My main motivation for working on this was to help low-budget charity organizations comply with regulations such as GDPR and French Privacy law to protect the privacy of those they have pictures of. It could also be used by organizations fighting human trafficking to protect the identities of victims.
What it does
When a user uploads an image to an S3 bucket, it triggers an AWS Lambda function that passes the image to AWS Rekognition to identify faces. It then takes in the facial bounding boxes and censors them with solid fill. It then saves the final image to an S3 bucket with the same key it was uploaded with.
How I built it
I used the AWS Lambda Python execution environment and the Pillow Python library to run the code in the Lambda function. I used the Serverless Application Model to define and package the model for the Serverless Application Repo. I also added the output and input buckets to be separate so that it could be integrated into a longer image processing pipeline.
Challenges I ran into
I had some trouble working with the SAM templates at first. I was originally basing my design off of some of the examples in the repo, but as it turned out, those were flawed. I also ended up needing a new policy template which I submitted as a pull request to the SAM Repository.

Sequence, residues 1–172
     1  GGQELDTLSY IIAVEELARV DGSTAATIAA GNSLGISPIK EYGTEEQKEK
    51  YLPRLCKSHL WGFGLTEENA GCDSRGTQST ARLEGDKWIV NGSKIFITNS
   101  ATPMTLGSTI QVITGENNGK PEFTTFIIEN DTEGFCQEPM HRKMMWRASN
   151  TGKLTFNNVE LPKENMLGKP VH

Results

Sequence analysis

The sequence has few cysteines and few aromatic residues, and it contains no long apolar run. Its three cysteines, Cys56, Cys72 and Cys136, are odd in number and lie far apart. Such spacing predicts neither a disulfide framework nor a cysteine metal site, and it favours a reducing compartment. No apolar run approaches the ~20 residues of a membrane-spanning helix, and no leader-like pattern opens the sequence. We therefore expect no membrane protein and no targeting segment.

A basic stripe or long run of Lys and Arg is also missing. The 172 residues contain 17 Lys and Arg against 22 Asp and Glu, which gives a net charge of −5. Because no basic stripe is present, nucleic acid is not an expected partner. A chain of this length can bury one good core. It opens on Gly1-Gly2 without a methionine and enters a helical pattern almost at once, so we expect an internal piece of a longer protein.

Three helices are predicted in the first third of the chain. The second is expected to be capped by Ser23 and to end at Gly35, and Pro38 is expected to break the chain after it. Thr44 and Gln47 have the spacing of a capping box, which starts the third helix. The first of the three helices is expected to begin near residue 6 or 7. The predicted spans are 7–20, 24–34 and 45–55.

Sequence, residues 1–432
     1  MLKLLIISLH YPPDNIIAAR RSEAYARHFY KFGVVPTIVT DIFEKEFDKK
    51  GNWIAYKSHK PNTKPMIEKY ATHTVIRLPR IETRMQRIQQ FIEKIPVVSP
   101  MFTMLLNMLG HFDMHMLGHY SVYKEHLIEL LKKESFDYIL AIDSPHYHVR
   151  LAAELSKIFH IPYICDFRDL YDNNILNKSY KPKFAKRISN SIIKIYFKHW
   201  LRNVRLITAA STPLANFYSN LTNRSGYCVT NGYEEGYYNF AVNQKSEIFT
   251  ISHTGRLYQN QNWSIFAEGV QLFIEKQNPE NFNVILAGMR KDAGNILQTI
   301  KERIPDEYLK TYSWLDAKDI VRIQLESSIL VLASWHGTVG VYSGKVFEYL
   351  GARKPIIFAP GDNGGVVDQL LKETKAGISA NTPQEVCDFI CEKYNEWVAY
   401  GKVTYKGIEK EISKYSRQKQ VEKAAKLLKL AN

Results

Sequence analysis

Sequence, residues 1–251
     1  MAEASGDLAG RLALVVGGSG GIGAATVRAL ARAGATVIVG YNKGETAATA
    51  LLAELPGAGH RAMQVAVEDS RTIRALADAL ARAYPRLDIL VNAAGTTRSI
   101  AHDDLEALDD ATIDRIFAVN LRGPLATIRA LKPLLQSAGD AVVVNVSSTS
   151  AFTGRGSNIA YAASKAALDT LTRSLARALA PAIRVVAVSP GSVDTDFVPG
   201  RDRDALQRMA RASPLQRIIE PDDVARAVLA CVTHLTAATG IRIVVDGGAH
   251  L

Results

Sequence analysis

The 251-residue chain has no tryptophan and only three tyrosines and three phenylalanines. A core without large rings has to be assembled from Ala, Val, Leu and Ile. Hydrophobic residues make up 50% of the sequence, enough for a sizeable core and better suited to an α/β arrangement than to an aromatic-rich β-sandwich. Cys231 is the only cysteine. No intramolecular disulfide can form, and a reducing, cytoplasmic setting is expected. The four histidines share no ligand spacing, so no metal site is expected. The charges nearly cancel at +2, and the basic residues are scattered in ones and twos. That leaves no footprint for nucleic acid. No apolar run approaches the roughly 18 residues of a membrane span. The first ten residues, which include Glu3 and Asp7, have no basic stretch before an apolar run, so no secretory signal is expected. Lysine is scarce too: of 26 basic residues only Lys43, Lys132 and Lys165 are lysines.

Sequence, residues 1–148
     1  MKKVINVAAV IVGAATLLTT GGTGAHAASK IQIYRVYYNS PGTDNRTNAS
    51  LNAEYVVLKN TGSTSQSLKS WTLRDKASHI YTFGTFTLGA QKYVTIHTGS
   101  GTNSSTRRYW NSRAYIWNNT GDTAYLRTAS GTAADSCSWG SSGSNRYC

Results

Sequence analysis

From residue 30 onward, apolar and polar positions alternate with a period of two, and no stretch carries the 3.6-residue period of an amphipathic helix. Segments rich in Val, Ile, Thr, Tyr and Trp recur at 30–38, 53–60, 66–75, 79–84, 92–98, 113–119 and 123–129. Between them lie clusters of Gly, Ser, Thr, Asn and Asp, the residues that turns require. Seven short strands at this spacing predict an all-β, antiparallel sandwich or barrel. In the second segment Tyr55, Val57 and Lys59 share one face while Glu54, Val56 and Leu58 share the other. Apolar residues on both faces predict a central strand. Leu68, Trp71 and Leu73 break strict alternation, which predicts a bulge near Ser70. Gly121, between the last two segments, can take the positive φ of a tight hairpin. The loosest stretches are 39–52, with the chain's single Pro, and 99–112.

Accomplishments that I'm proud of
I'm particularly proud of submitting code to the SAM Template project and making a useful application for the SAR that's universal enough for many people to use.
What I learned
I learned a lot about writing and debugging serverless applications. I also learned a bit about working on large open source projects like the SAM Template repository.
What's next for Serverless Facial Censor
I am considering creating a version of the SAR app with OpenCV instead of AWS Rekognition to see if it reduces the resources used by the application. However I also wanted to enter the AWS AI hackathon so I probably won't do that until it's done as well.
I could also potentially add to the SAM template to only trigger the function when images are uploaded to the bucket or under a certain key in the bucket. I didn't do that for this hackathon in order to limit complexity, but it could be a desirable feature.